London mayor Boris Johnson says world has changed since he pledged to keep London Underground ticket offices open – but unions stage walkout

Tube services in London were severely disrupted this week by the first of two 48-hour stoppages by the RMT and TSSA unions. The industrial action is over plans to close all London Underground ticket offices, with London mayor Boris Johnson claiming that the move is in response to fast-evolving technology.

Hours before the strike was due to begin, Johnson clashed with RMT union leader Bob Crow live on LBC radio. Crow reminded the mayor that before being elected in 2008, he had promised not to close ticket offices.

Johnson replied: “That was six or seven years ago now. What’s happened since then are there has been massive investment in technology and fewer and fewer people actually use ticket offices.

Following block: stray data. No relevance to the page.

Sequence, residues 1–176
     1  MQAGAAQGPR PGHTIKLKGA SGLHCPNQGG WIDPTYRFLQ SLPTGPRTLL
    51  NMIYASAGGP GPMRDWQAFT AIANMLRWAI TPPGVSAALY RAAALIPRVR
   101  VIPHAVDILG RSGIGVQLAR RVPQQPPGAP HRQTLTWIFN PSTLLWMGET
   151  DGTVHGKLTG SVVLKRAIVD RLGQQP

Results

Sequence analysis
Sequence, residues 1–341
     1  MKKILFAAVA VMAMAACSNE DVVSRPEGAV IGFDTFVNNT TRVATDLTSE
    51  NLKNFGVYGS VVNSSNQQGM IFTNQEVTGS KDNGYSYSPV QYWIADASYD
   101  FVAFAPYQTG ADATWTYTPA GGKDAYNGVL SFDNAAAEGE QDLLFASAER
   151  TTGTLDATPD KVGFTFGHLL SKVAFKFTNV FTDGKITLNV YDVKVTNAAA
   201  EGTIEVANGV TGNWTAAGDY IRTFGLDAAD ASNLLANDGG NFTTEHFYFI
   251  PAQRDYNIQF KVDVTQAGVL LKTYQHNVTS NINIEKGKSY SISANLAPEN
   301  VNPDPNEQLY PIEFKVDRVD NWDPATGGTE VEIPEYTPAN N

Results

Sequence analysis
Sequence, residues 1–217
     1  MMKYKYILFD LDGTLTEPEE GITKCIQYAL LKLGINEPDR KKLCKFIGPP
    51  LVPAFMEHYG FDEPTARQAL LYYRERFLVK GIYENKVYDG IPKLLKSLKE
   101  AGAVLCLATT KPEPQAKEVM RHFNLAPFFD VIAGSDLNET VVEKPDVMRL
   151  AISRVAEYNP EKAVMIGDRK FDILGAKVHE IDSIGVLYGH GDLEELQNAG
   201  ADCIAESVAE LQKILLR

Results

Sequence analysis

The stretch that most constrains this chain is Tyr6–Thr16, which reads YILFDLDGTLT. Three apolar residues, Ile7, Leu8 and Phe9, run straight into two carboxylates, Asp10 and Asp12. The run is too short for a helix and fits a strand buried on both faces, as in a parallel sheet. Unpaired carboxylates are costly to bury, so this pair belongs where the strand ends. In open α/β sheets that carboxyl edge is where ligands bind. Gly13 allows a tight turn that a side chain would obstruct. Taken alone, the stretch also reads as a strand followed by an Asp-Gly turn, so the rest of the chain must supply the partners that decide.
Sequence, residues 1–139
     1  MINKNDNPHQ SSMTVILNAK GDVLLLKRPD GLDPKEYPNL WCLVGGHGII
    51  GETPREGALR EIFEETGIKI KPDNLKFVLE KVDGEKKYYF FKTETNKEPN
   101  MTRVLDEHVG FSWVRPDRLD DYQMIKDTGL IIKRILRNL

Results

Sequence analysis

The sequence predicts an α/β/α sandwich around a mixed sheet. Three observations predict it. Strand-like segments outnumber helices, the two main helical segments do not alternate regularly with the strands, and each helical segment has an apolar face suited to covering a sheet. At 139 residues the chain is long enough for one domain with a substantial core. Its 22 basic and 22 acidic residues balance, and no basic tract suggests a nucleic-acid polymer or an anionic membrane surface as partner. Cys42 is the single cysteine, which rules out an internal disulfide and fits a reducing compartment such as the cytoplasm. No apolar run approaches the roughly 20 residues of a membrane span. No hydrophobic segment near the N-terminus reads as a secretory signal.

“When I started talking about ticket offices the iPhone wasn’t even invented, for heaven’s sake.”

Industry sources said the dispute at LU could be a forerunner of similar industrial relations issues across the national rail network.

LU says the closures reflect near completion of the shift in sales away from ticket offices since the introduction of smartcards. Less than 3% of all Tube journeys now involve a visit to a ticket office.

There will be no compulsory redundancies if staff are prepared to move to new customer service posts on platforms and gatelines. Staff will be equipped with mobile technology, such as tablet computers, to enable them to monitor and manage stations.

TfL claims that 82% of Londoners polled said they were in favour of the changes.

Meanwhile, technology was last week cited as the reason for TfL’s controversial decision to cease accepting cash fares on buses from this summer.

 


Further coverage can be found inside the latest issue of Passenger Transport.

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